Category Archives: feminism

Being Female, Being Black: What Switching Places Demonstrates

Debbie says:

Anyone who has given any thought to privilege and oppression knows that the situation of a black man in America is different from the situation of a white woman. However, trying to examine that difference carefully can be … difficult. Comparisons of privilege all too often turn into size wars, “mine is worse than yours” arguments, and other oversimplifications.

That’s one reason why I was so taken by “Lost Voices,” a slam poetry performance in which Darius Simpson and Scout Bostley of Eastern Michigan University found a unique way to talk about their own experience of oppression … by telling each other’s stories.

For a poetry slam challenge at Virginia Commonwealth University, they created a joint piece in which they illuminate their personal experience of oppression by switching their spots at the microphones … and changing voices when they make the switch.

The rhythm of individual stories and reactions in unison is a stunning demonstration of the ways in which our experience of oppression is simultaneously similar and different, familiar and alien. In three short minutes, Simpson and Bostley make a point which would be difficult to convey in an entire class session or workshop … and they provide a memorable experience which will help us remember what we learned.

Thanks to FaithGardner at Daily Kos for the pointer.

“Body of Work”: Embodying Queer Disability

Debbie says:

I promised that I would review “Body of Work,” a spoken word show curated by my friend Gina de Vries, which promised to explore “queerness, sexuality, disability, chronic illness, and the question: ‘How do you have a body?'”

Body of Work is a new show, so it was fitting that the first version explored a lot of fresh territory. All six performers were at a high standard, so I’ll say something about each of them, and what I feel they brought to body image.

Tobi-Hill-Meyer-for-Body-of-Work-300x300Tobi Hill-Meyer used both spoken word and film to explore what happened to her at a Feminist Porn Awards show, when she and her girlfriend were harassed by a security guard for making out in the gender-neutral bathroom (!). Hill-Meyer has severe Multiple Chemical Sensitivity, and had to wear her breathing mask in the bathroom because of those (horrible!) scent-releasing machines which hotels and other public venues will claim make life “better.” The mask changes her breathing, which is what attracted the guard’s attention, and also confused the guard about her gender. The result: disability and trans identity come together in a miserable institute of harassment (which was, fortunately, resolved fairly cleanly, but left both Hill-Meyer and her girlfriend traumatized). This piece was very clearly narrated, and the film (of the makeout session in the bathroom stall) brought an immediacy to it which strengthened the impact.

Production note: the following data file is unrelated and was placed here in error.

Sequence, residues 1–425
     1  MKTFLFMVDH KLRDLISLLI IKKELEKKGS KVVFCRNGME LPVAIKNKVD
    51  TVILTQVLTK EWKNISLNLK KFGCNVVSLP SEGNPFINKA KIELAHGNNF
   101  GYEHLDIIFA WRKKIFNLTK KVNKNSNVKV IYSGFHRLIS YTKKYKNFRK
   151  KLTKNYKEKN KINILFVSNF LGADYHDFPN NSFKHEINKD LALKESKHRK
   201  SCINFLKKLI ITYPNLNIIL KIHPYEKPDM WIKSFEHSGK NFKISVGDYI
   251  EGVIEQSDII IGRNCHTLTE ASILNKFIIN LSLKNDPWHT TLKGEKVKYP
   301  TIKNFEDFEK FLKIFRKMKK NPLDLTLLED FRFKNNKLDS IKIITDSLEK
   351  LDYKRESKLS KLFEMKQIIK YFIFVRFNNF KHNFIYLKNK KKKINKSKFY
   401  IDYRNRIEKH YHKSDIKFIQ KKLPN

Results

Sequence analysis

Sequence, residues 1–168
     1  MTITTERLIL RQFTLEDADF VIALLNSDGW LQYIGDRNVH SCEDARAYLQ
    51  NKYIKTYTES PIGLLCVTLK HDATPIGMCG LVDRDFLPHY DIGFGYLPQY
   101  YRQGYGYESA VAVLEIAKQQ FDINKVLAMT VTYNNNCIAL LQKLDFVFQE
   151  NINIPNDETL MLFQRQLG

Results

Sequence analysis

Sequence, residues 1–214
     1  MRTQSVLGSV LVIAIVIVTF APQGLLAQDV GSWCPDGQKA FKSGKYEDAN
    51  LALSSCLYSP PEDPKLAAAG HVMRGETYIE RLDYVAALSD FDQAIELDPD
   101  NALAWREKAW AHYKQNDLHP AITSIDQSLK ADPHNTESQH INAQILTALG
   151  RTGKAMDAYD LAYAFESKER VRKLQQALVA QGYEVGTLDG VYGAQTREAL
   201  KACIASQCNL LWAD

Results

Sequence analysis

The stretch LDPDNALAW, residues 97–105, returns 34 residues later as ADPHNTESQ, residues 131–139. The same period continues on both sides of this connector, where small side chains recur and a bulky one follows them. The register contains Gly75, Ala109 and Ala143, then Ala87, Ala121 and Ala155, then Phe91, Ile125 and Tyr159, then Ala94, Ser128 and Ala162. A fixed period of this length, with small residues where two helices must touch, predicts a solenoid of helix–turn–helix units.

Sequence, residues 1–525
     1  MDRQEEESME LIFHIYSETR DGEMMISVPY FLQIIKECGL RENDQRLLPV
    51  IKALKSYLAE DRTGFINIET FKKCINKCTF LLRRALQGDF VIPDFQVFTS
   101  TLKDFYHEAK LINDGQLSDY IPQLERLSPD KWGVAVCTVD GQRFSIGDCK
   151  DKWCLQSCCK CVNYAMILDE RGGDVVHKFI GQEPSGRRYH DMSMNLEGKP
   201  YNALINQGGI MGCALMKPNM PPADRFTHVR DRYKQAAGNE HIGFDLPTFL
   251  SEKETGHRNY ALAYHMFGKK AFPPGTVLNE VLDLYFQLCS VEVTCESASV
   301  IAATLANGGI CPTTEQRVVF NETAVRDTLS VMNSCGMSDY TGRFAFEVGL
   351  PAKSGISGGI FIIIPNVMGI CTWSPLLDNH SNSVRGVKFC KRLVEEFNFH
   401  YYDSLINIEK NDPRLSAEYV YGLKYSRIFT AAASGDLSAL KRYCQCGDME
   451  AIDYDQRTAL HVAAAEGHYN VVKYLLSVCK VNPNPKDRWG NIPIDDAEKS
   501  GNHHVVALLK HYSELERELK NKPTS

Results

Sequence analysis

CinnamonCinnamon-Maxxine-Photo-1-for-Body-of-Work-300x297 read a raw, powerful open Dear John letter to their fears, anxieties, and limitations, a letter which revealed not only their vulnerabilities but also their anger against racism and the ways the world holds them back. The letter morphed into a beautiful transformative burlesque dance, done with a slideshow of the song lyrics in the background.

 

 

 

 

Katherine Cross created a context for the intersections of autism, trans identity, and sexuality using two video games: Bayonetta, a high-graphics video game about a sexy succubus who is the viewpoint character, and Error 404, a Twine game where your job is to pleasure an extremely demanding (and kinky) artificial intelligence. Cross drew the connections between learning sexuality from the outside (Bayonetta’s imagery) and from the inside (Error 404’s exploration), and brought the two back into her own sexual experience in an intense and moving presentation (with game screenshots in the background).

Neve Be provided a long, painful autobiographical screed about their sexual history, interwoven with disability experiences and experiences of racial oppression, powerfully narrated, with back-up electronic music which was intended to be (and was) disquieting and disturbing.

Rachel-K-180x300Hearing a performer talk about extreme social anxiety is particularly powerful, because they are there in front of you, telling you about the challenges of being there. Rachel K. Zall embodied this very well. I especially appreciated the casual, unstressed way in which she talked about overcoming (and not always overcoming) extraordinary challenges.

Finally, curator Gina DeVries, limited by strep throat (and unable to MC the show), read a short piece about sex and chronic pain, and being with a lover who was not only supportive of zir pain issues but also open to continued sexuality through pain limitations.

How do you have a body? By opening up the raw places, and finding joyous spaces inside. If this show runs next year (or anywhere else in between), with these performers or different ones, don’t miss your chance.